Ben Potter’s Nashville Road Show was as good as it gets, as good as the Nashville Unplugged shows I’ve been frequenting in Vegas in recent years. It put the listener and music fan literally up close and personal and gave some of us a sense of connection to the hearts and minds of real people from Middle America where handshakes, church, love and laughter still have value in this chaotic and me-mine world and where the reflections of simplicity through poetry and the melodies of passion will last beyond the charge of any lithium powered device here, inside our heads.
Bruce J Maier
When I first began playing the guitar there would come and go many icons and so-called gods of the instrument but none would have such a profound and enduring impression nor influence on my playing as BB King. It would be until my late fifties when I would actually get to see him play three different times in Las Vegas. I, like millions of others will always remember him for his passion, commitment, soul and incredible guitar playing. That inimitable style which, with but a single note, could touch me deeply on a spiritual level. Travel far, play well my friend.
Bruce J Maier / editor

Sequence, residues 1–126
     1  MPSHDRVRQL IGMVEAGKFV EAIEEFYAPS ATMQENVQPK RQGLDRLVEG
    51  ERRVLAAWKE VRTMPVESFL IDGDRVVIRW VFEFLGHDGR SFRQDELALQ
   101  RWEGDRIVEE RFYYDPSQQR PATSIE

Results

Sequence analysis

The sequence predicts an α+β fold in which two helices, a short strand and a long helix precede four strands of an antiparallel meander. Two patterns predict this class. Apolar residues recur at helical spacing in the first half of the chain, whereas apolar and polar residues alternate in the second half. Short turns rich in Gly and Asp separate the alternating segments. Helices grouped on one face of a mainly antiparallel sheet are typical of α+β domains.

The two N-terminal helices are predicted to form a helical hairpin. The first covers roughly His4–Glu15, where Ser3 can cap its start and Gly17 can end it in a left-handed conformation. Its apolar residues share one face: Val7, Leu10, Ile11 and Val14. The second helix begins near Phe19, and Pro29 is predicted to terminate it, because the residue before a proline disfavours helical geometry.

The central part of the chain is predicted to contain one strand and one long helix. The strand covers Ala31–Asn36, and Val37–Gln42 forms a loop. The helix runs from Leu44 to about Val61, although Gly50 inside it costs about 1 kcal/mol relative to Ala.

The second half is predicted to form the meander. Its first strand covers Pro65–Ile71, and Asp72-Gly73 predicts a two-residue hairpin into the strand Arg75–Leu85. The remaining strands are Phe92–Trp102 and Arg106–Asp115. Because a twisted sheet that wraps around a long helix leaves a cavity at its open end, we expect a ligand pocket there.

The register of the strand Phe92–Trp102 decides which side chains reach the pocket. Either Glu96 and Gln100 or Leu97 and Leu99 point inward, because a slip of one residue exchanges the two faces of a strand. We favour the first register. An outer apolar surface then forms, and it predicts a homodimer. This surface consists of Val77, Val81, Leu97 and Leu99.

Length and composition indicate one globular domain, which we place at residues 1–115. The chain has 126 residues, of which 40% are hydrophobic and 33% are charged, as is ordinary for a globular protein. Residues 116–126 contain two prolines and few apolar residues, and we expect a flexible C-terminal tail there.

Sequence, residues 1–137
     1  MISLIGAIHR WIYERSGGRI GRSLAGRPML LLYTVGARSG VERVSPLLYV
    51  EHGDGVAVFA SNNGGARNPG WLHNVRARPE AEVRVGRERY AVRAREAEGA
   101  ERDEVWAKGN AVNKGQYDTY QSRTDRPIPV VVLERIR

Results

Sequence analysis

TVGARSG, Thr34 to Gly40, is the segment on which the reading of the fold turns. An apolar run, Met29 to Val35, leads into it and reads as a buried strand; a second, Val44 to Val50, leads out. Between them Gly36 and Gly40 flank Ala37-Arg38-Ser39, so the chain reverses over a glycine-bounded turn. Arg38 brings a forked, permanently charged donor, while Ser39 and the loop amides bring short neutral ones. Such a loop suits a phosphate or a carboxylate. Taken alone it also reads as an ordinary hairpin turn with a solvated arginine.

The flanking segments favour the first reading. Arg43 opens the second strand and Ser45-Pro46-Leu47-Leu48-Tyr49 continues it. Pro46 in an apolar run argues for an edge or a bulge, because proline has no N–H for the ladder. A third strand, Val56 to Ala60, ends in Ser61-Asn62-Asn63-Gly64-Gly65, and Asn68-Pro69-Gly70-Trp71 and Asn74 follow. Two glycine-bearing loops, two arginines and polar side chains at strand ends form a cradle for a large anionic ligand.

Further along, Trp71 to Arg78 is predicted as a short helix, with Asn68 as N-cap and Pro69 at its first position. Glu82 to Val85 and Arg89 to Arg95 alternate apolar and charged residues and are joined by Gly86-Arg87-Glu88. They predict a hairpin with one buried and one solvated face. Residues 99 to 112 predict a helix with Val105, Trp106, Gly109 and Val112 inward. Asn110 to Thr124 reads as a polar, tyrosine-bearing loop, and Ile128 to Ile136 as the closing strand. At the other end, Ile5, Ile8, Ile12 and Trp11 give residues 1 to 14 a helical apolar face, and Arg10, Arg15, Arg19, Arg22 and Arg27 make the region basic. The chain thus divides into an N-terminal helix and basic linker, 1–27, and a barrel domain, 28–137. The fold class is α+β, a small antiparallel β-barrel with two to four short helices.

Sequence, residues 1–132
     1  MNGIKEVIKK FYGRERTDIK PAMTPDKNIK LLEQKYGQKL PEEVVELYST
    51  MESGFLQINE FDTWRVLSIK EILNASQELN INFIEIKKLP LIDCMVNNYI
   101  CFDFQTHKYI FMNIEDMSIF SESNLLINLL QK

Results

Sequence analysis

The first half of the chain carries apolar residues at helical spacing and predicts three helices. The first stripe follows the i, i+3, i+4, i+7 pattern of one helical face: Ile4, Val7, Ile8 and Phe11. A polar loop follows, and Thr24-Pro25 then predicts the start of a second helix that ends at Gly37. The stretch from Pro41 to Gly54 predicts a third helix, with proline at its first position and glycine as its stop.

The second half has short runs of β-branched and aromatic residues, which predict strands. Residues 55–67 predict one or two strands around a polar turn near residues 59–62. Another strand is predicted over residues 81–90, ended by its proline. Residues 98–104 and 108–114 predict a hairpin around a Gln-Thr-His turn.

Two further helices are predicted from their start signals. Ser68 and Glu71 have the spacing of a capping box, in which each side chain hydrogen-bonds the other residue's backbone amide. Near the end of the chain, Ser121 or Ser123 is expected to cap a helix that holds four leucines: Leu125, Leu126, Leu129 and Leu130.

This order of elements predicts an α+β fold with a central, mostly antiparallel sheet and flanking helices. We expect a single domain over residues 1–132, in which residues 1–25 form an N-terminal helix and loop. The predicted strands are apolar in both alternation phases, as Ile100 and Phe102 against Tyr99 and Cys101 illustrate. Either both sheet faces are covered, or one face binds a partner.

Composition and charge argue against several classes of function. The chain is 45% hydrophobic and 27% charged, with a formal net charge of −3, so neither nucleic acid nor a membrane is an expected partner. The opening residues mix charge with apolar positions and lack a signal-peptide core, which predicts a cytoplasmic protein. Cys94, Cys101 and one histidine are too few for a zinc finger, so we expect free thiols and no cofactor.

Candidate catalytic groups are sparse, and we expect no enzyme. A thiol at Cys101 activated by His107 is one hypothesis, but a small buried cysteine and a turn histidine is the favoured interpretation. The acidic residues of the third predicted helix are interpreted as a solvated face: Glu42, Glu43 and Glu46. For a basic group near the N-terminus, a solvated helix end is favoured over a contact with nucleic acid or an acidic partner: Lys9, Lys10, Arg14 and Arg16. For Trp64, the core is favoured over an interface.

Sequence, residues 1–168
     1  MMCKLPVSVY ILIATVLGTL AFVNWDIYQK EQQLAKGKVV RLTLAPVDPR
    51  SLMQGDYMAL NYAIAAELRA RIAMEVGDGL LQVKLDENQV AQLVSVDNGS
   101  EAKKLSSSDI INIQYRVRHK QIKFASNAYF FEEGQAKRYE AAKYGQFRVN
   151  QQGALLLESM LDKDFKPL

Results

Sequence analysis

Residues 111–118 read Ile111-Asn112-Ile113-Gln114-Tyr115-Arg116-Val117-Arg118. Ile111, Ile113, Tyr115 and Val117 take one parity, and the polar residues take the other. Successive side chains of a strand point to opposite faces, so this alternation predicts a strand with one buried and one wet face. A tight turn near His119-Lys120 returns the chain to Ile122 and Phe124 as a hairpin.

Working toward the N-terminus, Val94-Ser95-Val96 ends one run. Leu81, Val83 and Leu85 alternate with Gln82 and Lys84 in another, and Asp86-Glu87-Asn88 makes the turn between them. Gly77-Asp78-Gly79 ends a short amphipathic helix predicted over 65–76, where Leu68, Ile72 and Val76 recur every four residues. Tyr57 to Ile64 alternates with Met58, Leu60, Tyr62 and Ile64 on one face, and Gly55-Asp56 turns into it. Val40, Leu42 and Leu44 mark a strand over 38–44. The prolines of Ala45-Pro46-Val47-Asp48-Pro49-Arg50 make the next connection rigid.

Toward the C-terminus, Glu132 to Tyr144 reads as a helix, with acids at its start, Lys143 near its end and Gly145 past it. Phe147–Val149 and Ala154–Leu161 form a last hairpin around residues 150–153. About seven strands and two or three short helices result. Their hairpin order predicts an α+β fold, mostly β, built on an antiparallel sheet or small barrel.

In an era of overhyped, overhyphenated musical miscegenation, Stubborn Son plays it straight, digging into rock n’ roll so earthy it’s almost elemental. Birthright, the young Seattle trio’s debut album, recalls Little Richard’s quote “Rhythm and blues had a baby and somebody named it rock n’ roll.”Indeed, the Architect of Rock n’ Roll is part of Stubborn Son’s DNA. So are Led Zeppelin and Cream, the Black Keys and the White Stripes. Sensing a theme here?Coming together in early 2014, singer/guitarist Garrett Lamp, bassist Andrew Knapp and drummer Blair Daly discovered that their mutual musical interests led to the very core of rock. Knapp and Daly had known each other since they were kids in the Seattle suburb of Bellevue; Lamp, a Spokane native, fell in more recently with Knapp via Seattle’s fertile live music scene. Each musician’s slew of influences meshed like greased gears in Stubborn Son. In the winter of 2014, they convened at Jupiter Studios with producer Martin Feveyear (Kings of Leon, Mudhoney, Mark Lanegan), to record Birthright over an intense two-week span. The album’s ten songs rev so high because the fuel they run on is pure. Birthright is a testament to honest and passionate expression—turned up to 11.Take album opener “The Broken Heart Proof.” As the rhythm section kickstarts a martial backbeat, Lamp lays into his guitar like it’s a rocket heading to heaven and he’s hanging on for dear life. (And not just any guitar—along with “Thick as Blood” and “All Saints,” “Proof” is one of three tracks on Birthright where Lamp trades his Gibson for an acoustic slide resonator and all the righteous, silvery tone it imparts.) He sings about resilience: Just because you loved and lost doesn’t mean you’ll never love again. This, friends, is the Broken Heart Proof.From affirmation to accusation: Driven by Lamp’s hard-grinding riff and Knapp’s echoing background vocals, second song “Make Believe” points a finger at hypocrites and egotists. Later on, “Vixen” tells an archetypal tale of its titular character, eliciting the kind of full-body lust that’s as dangerous as it is magnetic. With its languid, sultry simmer, album closer “Make Your Heart Stop” warns of a similar sort of tenuous romance before erupting into a raucous finale.